The State of Rhode Island Temporary Disability Insurance program (Rhode Island TDI) provides needed income replacement benefits for certain workers. Not every single resident automatically is enrolled in the program or eligible to apply for benefits when unable to work. Benefit amounts are limited.
Find answers to common questions, access to more complete information, and an opportunity to expand upon what the state already offers. Learn how RI temporary disability insurance works.
- How much do I get?
- How do I apply for benefits?
- How long does it last?
- Does it cover maternity leave?
- Do I qualify for benefits?
RI Temporary Disability Amounts
RI Temporary Disability Insurance is a state mandated program that applies to private workers. Rhode Island TDI provides payments for off the job accidents and illnesses. The state workers compensation program is designed for on the job accidents.
How much does TDI Pay?
It is challenging to determine exactly how much Rhode Island TDI pays. There is a complex formula that yields a different answer for every applicant. The most succinct summary of the formula is that your weekly rate will be equal to 4.62% of the wages paid to you in the highest quarter of your Base Period. Your weekly rate remains the same throughout your benefit year.
Effective 7/1/10, $69.00 is the minimum and $700 is the maximum payment rate for claims with the benefit year begin date of 7/4/10 or greater. The weekly maximum can be extended as high as $945 per week if you have five dependents. The RI law allows for an incremental $10 or 7% weekly for each qualified dependent.
You are subject to the weekly cap of $700 if you have no dependents and your income exceeds approximately $60,000 per year. You are subject to the $945 cap if your income exceeds about $82,000 per year.
Taxation of Benefits
The average level of income support is approximately 60% of your normal gross earnings. The payments are not taxable, so the amount of money you have left after taxes may remain about the same: provided you are not subject to the weekly cap.
How Long Does TDI Last?
Rhode Island TDI becomes payable after your disability exceeds a one week waiting period. This waiting week also becomes payable if you receive payments for all or some part of the three week immediately following the waiting week. The maximum benefit duration is 30 weeks.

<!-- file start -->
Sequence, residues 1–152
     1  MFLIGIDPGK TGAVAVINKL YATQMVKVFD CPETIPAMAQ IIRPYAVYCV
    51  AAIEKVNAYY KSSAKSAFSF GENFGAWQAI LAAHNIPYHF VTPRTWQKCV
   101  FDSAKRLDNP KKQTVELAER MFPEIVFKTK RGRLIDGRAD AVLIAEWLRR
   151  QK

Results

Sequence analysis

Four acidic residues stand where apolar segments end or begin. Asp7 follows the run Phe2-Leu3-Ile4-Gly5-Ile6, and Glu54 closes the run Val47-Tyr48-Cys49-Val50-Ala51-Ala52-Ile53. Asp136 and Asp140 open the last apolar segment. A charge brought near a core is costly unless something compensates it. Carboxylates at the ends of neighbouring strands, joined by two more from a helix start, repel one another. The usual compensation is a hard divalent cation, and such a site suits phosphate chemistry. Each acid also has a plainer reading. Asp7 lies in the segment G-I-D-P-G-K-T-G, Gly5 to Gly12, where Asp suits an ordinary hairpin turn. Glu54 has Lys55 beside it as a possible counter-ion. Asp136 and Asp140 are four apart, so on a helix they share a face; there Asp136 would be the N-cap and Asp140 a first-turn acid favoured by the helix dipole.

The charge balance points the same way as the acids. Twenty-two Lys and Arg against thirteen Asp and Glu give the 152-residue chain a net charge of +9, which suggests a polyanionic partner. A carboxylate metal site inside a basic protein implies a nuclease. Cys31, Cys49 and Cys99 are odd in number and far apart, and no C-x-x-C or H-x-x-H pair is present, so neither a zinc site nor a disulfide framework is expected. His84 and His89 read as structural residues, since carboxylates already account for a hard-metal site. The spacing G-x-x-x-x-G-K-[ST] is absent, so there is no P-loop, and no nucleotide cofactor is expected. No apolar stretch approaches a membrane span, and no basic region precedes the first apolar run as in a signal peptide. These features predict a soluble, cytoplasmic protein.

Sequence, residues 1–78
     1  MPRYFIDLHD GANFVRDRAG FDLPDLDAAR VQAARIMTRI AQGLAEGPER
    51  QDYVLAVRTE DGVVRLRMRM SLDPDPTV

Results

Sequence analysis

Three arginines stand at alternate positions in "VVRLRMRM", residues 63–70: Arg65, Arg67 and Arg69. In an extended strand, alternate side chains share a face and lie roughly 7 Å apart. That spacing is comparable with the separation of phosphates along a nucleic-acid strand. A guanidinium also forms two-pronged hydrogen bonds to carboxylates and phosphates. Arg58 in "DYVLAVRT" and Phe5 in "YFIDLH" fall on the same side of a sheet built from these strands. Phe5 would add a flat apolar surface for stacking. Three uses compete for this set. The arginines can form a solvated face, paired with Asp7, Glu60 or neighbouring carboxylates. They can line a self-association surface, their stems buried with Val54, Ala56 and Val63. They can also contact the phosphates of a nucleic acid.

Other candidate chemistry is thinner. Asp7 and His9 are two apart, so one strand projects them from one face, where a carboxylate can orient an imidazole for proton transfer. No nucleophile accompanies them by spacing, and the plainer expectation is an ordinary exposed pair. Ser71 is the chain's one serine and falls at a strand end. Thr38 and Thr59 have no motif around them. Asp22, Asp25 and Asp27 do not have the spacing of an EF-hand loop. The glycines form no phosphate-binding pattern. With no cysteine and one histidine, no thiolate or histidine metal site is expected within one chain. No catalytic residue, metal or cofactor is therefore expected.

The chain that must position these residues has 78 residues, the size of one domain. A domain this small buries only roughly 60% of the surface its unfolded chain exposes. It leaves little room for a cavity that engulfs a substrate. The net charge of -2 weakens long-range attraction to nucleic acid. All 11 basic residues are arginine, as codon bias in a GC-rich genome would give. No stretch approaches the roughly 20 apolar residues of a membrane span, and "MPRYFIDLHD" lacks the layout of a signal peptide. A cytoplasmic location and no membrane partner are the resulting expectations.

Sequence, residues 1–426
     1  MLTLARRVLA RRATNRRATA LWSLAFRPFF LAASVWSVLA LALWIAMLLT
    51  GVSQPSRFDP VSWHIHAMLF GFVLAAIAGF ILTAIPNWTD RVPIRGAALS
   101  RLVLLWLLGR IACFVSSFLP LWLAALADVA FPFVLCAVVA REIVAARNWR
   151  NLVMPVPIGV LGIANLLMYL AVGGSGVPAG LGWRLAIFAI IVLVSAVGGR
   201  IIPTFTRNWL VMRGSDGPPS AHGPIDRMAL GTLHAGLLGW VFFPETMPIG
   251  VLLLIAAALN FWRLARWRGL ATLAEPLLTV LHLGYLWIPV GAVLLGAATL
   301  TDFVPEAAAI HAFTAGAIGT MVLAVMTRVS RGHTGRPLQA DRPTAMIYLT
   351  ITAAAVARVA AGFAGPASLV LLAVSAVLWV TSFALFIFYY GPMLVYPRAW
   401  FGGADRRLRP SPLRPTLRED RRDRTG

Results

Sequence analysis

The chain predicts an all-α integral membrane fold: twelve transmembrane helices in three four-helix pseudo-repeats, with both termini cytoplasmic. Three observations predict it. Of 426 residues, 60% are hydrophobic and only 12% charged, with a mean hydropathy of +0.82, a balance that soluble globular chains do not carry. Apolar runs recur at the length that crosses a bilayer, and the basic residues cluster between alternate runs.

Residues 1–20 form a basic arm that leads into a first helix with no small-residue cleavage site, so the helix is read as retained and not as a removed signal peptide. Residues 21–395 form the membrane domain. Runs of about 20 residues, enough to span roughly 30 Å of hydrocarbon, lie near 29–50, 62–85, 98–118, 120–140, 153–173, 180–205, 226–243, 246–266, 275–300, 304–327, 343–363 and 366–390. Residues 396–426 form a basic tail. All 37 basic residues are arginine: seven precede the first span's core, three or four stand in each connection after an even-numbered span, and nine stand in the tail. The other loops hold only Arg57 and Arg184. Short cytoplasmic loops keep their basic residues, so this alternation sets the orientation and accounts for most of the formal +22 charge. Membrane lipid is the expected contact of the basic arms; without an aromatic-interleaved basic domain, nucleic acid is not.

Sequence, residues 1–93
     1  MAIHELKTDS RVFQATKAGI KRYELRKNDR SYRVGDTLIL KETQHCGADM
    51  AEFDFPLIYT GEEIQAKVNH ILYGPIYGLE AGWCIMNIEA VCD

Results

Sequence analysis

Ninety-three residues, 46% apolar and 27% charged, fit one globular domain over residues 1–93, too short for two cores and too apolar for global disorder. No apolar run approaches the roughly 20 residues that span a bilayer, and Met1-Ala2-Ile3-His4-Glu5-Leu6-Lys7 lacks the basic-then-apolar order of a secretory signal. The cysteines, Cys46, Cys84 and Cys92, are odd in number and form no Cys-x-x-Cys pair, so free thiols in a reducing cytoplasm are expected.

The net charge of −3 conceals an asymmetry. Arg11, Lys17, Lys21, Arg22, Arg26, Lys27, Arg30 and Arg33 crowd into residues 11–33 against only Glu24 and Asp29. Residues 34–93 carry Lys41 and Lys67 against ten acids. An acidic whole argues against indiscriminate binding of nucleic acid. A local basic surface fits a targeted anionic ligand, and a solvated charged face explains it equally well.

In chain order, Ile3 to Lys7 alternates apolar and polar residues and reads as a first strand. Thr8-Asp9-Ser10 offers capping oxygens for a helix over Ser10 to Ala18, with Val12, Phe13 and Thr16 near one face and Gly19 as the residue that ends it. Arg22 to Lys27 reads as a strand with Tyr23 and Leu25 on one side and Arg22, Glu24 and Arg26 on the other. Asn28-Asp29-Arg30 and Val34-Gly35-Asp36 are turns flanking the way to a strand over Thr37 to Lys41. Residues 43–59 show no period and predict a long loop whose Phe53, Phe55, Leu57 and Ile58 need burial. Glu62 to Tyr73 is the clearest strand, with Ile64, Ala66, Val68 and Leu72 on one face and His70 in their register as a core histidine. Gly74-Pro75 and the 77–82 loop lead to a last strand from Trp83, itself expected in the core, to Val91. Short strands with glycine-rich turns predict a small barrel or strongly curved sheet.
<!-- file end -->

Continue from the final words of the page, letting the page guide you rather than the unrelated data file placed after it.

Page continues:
A private temporary disability plan can increase your benefit amount and payment duration. The benefit calculation promises to be far simpler.
Does it Cover Maternity Leave?
Temporary disability in RI covers your pregnancy and maternity leave. Other states publish specific guidelines for length of disability due to normal pregnancy. Rhode Island laws simply states that the program will cover your loss of income due to pregnancy, childbirth, miscarriage, and abortion. You will be entitled to the same payments as any other covered sickness.
Your covered sickness may be payable for a longer period if your doctor certifies that you have a specific complication related to the pregnancy; you have a Caesarean section; or you have another simultaneous disability. Your qualified healthcare provider will need to make a determination on the length of your unemployment due to pregnancy. A midwife is listed as a qualified provider.
Length of Pregnancy Bed Rest
What is most important to understand is that the temporary plan leaves several gaps for pregnant women. First the payments stop after 30 weeks. A normal pregnancy spans 280 days or 40 weeks. Add 6 to 8 weeks to recover after childbirth. A high risk pregnancy may require bed rest during your first trimester. Your income support may stop before you a capable of working again. Second, the program provides only partial income support.
Purchase private short term disability for maternity to extend your payment period, and increase your level of maternity pay.
Rhode Island TDI Eligibility Requirements
Rhode Island TDI eligibility requirements allow coverage for private workers only. Residency in the state does not automatically qualify you for the program – an important distinction that many people discover only after they become unable to earn an income.
Many residents are not covered. Those not covered include but are not limited to:
- Federal government workers
- State, County, and Municipal employees are not required to participate. Some local government employer groups choose to participate voluntarily. Check with your employer.
- Commuters to Boston have no coverage at all. There is no mandatory MA program.
Applying for Rhode Island TDI Benefits
There are two avenues available when applying for Rhode Island TDI benefits: completing a paper application, or filing via an internet claims system.
Benefits Application Form
Whether completing a paper application form or using the internet system there is some basic information needed: personal and work information, medical information, claims history, employer information, and your dependents allowance. The number of dependents helps determine your maximum benefit amount.
Internet Claims System
Rhode Island TDI claims can be submitted using traditional paper-based claims forms, or you can utilize the more modern internet claims system. If you have specific questions about your claim, you can contact the Rhode Island Customer Service Information Center at: (401) 462-8420.
There are several required sets of information you will need to file your claim:
- Social security number
- Contact information for all qualified healthcare providers
- Contact information for all employers over the last 24 months
- Direct deposit information
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